Kilian Krug finally became the new fencing master at the University of Würzburg.

Professional organizations

Fencing masters are today organized in fencing masters' associations (academies). These in turn are united in the world association, the Académie d'Armes Internationale (AAI). In Germany, fencing masters are trained in the Academy of Fencing Art of Germany (ADFD) and in the Association of Fencing Masters (VdF) founded in 1884 . The latter specializes in the student scale.

See also


  • Martin Biastoch : Duel and scale in the empire. Using the example of the Tübingen Corps Franconia, Rhenania, Suevia and Borussia between 1871 and 1895 (= GDS archive for university and student history. Supplement. No. 4). SH-Verlag, Schernfeld 1995, ISBN 3-89498-020-6 , p. 19.
  • Martin Biastoch: Tübingen students in the German Empire. A socio-historical investigation (= Contubernium. Tübingen Contributions to the History of Science. Vol. 44). Thorbecke, Sigmaringen 1996, ISBN 3-7995-3236-6 , pp. 162-163.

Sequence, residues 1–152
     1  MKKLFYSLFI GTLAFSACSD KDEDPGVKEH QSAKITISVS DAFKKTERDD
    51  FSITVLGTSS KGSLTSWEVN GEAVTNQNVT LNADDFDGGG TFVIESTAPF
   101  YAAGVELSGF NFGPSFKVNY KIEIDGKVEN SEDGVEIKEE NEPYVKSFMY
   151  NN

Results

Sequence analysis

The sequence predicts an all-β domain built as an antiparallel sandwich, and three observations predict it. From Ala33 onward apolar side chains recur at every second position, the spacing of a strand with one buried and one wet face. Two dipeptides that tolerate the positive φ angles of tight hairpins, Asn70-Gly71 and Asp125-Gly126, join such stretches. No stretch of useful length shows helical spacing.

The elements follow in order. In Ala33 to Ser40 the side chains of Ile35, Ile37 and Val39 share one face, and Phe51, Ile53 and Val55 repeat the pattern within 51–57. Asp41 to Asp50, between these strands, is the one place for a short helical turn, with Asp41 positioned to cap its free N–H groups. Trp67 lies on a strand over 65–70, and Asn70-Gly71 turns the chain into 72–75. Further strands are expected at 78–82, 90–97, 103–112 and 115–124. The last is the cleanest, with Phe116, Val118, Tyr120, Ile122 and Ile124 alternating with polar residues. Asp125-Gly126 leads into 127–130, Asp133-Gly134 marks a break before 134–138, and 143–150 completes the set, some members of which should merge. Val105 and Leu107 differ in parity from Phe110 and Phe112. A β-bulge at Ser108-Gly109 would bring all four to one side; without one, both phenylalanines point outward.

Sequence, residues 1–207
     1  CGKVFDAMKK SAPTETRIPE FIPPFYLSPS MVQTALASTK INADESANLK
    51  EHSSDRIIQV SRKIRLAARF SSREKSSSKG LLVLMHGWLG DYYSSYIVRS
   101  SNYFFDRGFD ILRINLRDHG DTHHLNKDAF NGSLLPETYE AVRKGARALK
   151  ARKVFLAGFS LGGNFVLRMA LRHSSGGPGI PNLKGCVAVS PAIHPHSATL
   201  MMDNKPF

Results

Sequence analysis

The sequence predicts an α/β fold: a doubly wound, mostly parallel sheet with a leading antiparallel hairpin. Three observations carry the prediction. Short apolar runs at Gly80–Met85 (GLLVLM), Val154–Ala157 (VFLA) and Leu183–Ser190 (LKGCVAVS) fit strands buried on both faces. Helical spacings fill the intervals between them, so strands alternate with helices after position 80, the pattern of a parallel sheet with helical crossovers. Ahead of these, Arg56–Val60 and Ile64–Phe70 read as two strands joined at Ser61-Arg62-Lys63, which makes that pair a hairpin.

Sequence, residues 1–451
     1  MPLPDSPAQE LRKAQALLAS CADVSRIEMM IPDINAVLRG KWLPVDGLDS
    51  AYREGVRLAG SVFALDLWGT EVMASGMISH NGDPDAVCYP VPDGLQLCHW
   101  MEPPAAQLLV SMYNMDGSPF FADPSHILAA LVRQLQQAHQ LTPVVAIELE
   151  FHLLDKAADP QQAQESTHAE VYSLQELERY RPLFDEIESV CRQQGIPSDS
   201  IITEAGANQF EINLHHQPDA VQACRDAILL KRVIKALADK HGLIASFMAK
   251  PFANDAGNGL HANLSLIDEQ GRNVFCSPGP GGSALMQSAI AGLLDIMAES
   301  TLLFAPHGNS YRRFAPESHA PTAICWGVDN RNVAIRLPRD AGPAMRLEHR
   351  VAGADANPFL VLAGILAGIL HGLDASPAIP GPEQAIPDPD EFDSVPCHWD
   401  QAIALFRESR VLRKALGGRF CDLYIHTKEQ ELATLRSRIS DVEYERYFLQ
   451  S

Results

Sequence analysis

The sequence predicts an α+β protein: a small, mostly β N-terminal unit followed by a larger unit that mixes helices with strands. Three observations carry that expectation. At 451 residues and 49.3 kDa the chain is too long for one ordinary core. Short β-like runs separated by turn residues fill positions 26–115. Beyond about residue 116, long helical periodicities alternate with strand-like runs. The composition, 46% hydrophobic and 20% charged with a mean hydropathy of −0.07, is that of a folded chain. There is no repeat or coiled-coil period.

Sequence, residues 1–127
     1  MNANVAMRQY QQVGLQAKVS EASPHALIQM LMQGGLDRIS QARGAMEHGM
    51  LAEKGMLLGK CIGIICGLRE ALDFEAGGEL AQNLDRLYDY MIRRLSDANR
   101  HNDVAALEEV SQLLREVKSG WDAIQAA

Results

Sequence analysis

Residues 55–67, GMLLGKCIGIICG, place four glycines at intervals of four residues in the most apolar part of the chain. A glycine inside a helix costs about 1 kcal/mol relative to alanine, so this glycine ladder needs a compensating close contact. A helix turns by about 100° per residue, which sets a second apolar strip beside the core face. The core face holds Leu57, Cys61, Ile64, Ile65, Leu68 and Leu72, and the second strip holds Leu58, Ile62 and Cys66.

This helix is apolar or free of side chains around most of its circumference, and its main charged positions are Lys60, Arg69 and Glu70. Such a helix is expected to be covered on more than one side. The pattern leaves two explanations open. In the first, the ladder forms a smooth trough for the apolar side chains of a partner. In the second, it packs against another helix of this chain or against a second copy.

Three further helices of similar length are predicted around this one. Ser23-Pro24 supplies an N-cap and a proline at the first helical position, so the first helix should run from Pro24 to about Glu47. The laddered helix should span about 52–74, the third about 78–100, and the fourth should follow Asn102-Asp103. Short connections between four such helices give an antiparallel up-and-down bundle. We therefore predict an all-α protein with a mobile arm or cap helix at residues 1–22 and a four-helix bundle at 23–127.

• Henner Huhle , Helma Brunck: 500 years of fencing masters in Germany. Oldest privileged profession . Kunz, Kelkheim im Taunus 1987, ISBN 3-923420-08-0 , (Small writings of the Historisches Museum Frankfurt am Main 34).
  • Professional knowledge for fencing master VdF . Association of Fencing Masters, Würzburg 1968.
  • Herbert Kater (ed.): The Würzburg fencing floor and its fencing masters. Commemorative publication on the occasion of the 25th Kosen Congress in 1978 in Würzburg . Rohr, Kaiserslautern 1978.
  • Hermann Rink : The Association of German Fencing Masters from 1884 (formerly the Association of University Fencing Masters) for the 120th anniversary . Once and Now, Yearbook of the Association for Corporate Student History Research, Vol. 50 (2005), ISSN  0420-8870 , pp. 191-205.